Tuesday, 28 January 2014

Media Training - Introduction

She let out a small scream and ran away… she actually ran away.

I looked at her retreating back, looked at my microphone, and then looked at my other guest. My voice seemed to come from a cave a long way off. I recited one of the great journalistic ‘thinking time’ phrases “So, if I can turn to you…” as I tried to work out if what had happened, had actually happened…

…and then time returned and the interview continued.

I had never had an interviewee let out a little strangled scream and run off.

I was presenting a program from a large college; we had already interviewed seven or eight people including some of the college’s special needs students and were building up to talking to the management. Two of the senior people were standing with me in the entrance hall, the producer in my headphones told me that we’d be live in thirty seconds; I relayed that information and carried on explaining to my guests just what would happen.

I was live, I greeted them both, and I asked something ground-breaking like ‘you must be proud of the work you do here?’ or some other soft warm up question, and then she let out a small scream and ran away… she actually ran away.

Until you’re in front of the media you don’t know how you’ll react. This senior manager probably thought she’d be fine, presenting and talking are all part of the managers role, however, when there’s a branded microphone, a journalist, a producer, a runner, and a waiting audience of thousands, you may suddenly give a small scream and run away. Or worse, your common sense, good judgement, brand identity, ability to speak, bowel control and higher functions all run off and your physical shell is left to try and respond to a journalist whilst your brain is doing something else.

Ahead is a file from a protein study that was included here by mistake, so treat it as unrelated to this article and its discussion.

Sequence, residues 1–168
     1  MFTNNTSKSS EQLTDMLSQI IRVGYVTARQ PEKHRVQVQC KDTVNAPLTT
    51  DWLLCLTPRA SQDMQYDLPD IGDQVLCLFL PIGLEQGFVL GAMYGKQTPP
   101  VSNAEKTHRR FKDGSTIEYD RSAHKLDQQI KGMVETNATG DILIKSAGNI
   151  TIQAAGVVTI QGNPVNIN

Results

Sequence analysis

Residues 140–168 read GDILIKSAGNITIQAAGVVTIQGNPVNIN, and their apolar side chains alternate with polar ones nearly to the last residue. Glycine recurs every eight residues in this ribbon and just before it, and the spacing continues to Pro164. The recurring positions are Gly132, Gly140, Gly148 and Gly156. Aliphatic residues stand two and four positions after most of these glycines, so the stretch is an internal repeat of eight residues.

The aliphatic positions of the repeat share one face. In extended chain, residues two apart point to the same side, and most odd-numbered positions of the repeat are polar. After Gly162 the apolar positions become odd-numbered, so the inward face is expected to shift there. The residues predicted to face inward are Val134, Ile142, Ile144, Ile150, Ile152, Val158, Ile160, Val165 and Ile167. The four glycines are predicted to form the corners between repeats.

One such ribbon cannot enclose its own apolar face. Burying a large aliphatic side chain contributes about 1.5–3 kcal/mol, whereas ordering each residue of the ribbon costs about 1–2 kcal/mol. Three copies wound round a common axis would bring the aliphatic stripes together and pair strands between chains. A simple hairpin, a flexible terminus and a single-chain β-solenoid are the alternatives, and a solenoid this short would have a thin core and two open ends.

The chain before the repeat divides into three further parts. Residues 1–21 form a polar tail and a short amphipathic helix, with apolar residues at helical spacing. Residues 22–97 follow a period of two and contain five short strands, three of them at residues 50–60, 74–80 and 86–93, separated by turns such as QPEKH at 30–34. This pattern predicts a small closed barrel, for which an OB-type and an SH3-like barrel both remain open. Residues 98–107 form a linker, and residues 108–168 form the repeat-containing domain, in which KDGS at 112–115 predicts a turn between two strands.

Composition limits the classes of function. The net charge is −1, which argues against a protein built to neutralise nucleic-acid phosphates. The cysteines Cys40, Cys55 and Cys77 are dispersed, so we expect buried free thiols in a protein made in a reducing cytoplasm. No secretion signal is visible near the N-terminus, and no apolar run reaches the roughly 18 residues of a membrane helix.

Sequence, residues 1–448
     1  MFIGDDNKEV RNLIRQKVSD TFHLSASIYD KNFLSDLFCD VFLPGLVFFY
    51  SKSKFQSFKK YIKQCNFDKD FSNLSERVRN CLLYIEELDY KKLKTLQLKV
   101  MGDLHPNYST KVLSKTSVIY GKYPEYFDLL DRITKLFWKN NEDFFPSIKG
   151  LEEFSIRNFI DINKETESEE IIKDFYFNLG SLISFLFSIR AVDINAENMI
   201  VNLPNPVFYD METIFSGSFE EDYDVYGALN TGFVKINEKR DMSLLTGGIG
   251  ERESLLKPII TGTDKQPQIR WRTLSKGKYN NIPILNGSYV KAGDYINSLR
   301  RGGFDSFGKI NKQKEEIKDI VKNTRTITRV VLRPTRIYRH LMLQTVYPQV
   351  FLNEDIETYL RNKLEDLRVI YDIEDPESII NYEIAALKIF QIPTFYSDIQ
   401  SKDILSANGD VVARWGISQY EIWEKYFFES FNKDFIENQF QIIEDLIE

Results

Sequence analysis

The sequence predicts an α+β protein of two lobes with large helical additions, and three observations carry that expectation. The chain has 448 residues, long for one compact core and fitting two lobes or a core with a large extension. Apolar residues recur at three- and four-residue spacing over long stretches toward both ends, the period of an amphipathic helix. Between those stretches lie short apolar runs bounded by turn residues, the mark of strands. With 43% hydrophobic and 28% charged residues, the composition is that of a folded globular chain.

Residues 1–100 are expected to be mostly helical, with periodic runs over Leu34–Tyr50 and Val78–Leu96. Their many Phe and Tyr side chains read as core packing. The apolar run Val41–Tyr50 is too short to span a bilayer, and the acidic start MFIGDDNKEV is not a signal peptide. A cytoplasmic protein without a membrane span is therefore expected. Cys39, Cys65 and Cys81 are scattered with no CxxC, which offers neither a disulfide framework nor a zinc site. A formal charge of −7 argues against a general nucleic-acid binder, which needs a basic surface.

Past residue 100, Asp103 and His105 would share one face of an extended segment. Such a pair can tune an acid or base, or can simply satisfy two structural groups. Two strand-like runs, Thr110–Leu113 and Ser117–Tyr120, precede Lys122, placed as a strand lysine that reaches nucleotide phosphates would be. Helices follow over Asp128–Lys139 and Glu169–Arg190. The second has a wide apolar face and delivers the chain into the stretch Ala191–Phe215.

Media training isn't just getting the story straight, it’s learning to be comfortable with the media, it’s learning the rules, it’s learning to play the game properly, and until you can do that your media interactions will always be average, at the best.

Monday, 6 January 2014

Get Past The Black Knight.

If you think your audience is your market segment, your customers, your potential customers, and those who may be persuaded to be your customers then you're wrong.

When it comes to media engagement and press relations your audience is a journalist.

Forget about getting your PR to your target, it won't happen unless you can get past the journalist. Journalists are the gate keepers; they stand on the bridge, sword in hand, saying "None shall pass." You can fight with them if you want, but you'll never win, they'll just keep standing there.

So what do you do?

1) Think Like A Journalist - What is their audience and what is the best way to engage with them?

2) Play The Long Game - Offer content that can move a recurring the story on, add to the debate, or give a starting point to a new strand of content.

3) Be Realistic - If it's just a commercial 'puff' expect to be knocked back or asked to pay for coverage.

4) Use Their Voice - Approach your media outlet with something that sounds like them. You wouldn't send a 'Sun' style pitch to the 'Independent' News room (and vice versa); even if they can see the story they'll be nervous about using something that won't sit well with their audience.

5) Be A Consumer - Journalists love to be read, watched, and listened to. Make a point of consuming the media you want to target so you can link it in to what that journalist may have already published.

Now you can get past the Black Knight, or at least give him a scratch...

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